Did Congress Overstep with Removing Wolves From Protection?

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Tempers are flaring and lawsuits are yet again being filed to stop wolf hunts and return them to the protected status they've enjoyed for way too long. Wildlife conservationist groups led by Alliance for the Wild Rockies are in the forefront in trying to stop the hunting of wolves. They are accusing congress of going against the constitution when they removed the wolf from the endangered species list. Declining numbers of wolves caused them to be placed on the list over four decades ago, but they had reached a sustainable level at least 10 years ago.

There are many sides to the wolf story. There are the people who say they didn't ask for the wolves; the farmers and ranchers who are paying most severely with the over population of wolves. There are the hunters who want the right to hunt wolves, and protect the ungulate populations. Then there are the conservation groups who want to save everything.

Congress, they pointed out, only has authority to amend laws such as the Endangered Species Act, and not previous rulings from the court.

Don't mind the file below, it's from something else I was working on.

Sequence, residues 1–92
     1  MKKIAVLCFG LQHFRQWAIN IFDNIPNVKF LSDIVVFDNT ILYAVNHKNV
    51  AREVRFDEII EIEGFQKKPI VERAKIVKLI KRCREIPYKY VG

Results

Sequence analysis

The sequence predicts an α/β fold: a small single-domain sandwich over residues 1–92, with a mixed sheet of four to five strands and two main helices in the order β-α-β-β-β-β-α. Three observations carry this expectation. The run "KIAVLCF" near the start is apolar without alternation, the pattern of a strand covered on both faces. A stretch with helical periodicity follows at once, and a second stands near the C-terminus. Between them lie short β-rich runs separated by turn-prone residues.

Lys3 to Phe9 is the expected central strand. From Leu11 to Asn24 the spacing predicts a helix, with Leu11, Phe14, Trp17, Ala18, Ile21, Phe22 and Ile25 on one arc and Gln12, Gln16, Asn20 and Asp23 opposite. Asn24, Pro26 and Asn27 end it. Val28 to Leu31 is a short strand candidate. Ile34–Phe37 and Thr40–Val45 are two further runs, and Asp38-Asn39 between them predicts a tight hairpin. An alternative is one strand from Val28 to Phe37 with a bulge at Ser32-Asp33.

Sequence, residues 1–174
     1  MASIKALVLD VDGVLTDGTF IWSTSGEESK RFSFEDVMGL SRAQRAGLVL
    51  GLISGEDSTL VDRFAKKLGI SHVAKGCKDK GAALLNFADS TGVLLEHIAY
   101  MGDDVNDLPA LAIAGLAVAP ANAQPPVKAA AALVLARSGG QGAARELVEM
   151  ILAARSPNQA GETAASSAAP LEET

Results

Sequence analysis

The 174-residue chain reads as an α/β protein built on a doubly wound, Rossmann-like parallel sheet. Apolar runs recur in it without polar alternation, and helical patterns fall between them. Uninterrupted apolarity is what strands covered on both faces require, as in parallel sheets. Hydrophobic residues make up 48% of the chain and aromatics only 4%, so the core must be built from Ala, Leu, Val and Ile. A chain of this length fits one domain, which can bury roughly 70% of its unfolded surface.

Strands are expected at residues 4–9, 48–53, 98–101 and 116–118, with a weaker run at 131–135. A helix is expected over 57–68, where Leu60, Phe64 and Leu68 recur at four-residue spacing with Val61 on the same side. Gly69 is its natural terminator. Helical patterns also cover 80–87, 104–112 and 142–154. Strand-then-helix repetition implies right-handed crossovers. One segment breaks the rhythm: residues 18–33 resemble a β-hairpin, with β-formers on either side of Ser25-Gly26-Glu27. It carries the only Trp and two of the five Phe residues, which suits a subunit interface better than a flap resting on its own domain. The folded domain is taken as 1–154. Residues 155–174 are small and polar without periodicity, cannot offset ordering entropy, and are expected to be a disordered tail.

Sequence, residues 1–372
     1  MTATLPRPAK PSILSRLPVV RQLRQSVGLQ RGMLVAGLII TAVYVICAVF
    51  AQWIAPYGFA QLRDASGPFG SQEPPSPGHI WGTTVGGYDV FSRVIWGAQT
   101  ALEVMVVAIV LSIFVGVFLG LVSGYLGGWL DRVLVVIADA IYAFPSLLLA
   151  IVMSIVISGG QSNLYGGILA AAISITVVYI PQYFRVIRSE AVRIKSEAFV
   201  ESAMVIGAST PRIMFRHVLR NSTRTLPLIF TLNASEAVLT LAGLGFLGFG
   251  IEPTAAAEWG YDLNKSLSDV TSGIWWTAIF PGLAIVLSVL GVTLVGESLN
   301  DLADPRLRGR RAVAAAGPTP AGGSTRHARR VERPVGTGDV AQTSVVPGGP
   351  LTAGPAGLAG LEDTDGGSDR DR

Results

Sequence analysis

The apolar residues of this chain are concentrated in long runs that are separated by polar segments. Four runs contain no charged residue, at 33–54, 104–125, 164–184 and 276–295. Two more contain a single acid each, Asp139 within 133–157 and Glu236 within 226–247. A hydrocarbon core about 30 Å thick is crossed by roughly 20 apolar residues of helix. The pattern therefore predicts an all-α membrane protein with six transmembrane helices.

The delisting gave states management control in Montana, Idaho, and parts of Oregon, Washington, and Utah. However, it was with a 5 year U.S. Fish and Wildlife Service monitoring plan.

The first time the gray wolves were delisted was in 2002, but a court ruled that the Fish and Wildlife Service had illegally delisted the animals in Montana, Wyoming and Idaho so the wolves were put back on the list. In different areas of the states, there are different levels of protection for the animals as well. The federal protection and the state protection are separate, and can vary. Montana has decided to go against federal ruling and have a wolf season this year, with a quota of 226. Wyoming and the U.S. Fish and Wildlife Service have been working on a wolf management plan for their state. From All Headline News.

Additional articles on the wolf controversy, from the Billings Gazette, and even the New York Times has published a piece.